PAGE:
According to one of my elementary school textbooks, that was originally the point of the costume design, to personify the ghosts of the Confederate dead.

  2. 5. Not absolutely sure it matters, but since we’re talking about TDS, I couldn’t tell from the news report whether the woman was pro- or anti-Trump. If she is anti-Trump, I think it’s TDS resulting in bad behavior to children. If she was pro-Trump, it’s just garden variety bad adult behavior to children.

  3. I had the same comment as others about the hot yoga article. But, I agree with you: a double entendre was probably intended.


            • I thought it was Prince Albert. In fact, I still hear the ad on one of the OTR programs (c.1947) I enjoy online now, so I asked Wiki. Turns out they had both of the poor fellows in a can: One of the lines about PA made me laugh: “When the unsuspecting clerk responds “yes” …” Unsuspecting? Whoever wrote the piece did not understand how ubiquitous sixth-grade humor was — a piece on Sir Walter’s can-confinement says that was the optimum age for phone pranks — so that any clerk would have known it. Today’s pranks at that level are probably most popular among second or third graders on their iPhones.

              • Piece of trivia for you. The Prince Albert can had rounded ends, and the lid was a hinged flip-open. It also held just slightly less than one ounce of pot. Hence, the sale-unit came to be what the lid would hold, called, appropriately enough, a ‘lid’. At one time, you could a ‘lid’ for a nickel ($5.00).

                • Do you have a date for that D_D? I remember where the $5’s went – in sandwich baggies that spilled out in your jacket pocket (and got stuck in the seams, and mom was really surprised that I paid to have my old jacket dry cleaned) – but that was the 60s. If it was the same in the 40s, that was some high priced weed.

  4. Given that some names can give a head start for a kid, and others pull him back… let’s look at it from a purely utilitarian perspective: A reasonable name as the same character of a popular TV show to promote it might be offset by a few thousand dollars. Something more unique (sorry U’nick), might be worth at least 6 figures. A terrible one better set the little one for life.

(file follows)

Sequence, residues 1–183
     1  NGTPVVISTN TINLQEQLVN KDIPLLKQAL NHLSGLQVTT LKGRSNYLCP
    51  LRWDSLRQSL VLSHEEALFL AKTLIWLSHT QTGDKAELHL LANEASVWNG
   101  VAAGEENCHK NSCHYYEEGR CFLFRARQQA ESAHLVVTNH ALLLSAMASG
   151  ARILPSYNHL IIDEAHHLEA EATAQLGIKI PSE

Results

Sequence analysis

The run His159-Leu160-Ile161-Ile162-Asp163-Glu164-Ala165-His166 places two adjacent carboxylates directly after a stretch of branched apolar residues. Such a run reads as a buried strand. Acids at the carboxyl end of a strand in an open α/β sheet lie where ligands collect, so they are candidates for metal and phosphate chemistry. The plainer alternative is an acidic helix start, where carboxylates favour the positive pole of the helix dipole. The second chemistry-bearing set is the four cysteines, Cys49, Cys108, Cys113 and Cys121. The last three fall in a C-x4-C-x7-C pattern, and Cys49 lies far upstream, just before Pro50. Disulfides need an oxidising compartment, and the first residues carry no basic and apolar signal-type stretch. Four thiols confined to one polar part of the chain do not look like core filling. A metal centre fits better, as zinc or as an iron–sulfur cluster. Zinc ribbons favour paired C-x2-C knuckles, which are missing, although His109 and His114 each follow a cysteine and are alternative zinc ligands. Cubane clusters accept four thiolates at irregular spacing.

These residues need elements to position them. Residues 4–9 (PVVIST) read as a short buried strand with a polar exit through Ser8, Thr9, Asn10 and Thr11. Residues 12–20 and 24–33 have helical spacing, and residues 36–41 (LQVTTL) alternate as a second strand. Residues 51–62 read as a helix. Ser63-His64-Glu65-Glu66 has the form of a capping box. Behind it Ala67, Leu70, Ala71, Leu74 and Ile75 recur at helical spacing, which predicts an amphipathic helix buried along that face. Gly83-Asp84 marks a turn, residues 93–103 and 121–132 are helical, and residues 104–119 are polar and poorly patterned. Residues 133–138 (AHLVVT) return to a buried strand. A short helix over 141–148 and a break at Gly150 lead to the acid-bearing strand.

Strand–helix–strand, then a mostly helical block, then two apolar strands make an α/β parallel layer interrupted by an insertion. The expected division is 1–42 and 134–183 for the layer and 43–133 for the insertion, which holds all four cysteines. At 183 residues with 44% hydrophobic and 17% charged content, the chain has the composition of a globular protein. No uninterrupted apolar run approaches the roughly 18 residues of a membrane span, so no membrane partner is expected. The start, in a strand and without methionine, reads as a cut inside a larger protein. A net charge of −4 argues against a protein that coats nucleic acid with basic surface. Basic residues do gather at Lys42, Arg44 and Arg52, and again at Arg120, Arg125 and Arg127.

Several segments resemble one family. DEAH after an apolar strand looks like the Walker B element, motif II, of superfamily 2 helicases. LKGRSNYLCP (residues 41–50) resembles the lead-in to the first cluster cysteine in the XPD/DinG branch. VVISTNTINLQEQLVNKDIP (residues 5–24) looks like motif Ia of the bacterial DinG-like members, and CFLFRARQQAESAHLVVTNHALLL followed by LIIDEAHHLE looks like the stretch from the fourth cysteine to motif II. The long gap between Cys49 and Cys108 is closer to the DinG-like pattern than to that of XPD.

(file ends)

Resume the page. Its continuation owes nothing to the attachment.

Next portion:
I probably wouldn’t take the money, but if it offsets the downsides it sounds terribly tempting.

  5. 6. On one hand, Harland Rose is pretty cute, and wouldn’t be out of place for a girl in some parts of the country (the South). She can go by Hallie or Harley, and most people will assume Harland is a family name. The actual origin will give her a (chicken) leg-up playing Two Truths and a Lie when she’s older.

    On the other hand, she’ll probably resent her parents for selling her out as a baby to a silly social media campaign. $11k toward college is not nearly enough. That will cover about half a semester, and won’t make up for being known around the sorority house as the KFC girl or attracting moochers who think she’s a Sanders heiress.

    Overall, I’d want more details about the contract between the parents and KFC. Is there any stipulation that the parents can’t change Harland’s name once they have their money and the campaign winds down?

    • Well, the $11k could go a lot further if she’s attending the local state college/juco. Or if she gets additional scholarships at a pricier institution. It’s not a lot, but it’s not nothing.

      • For sure, especially with 18 years of compound interest, and it’s a nice chunk of change to begin with. Still not enough, I think.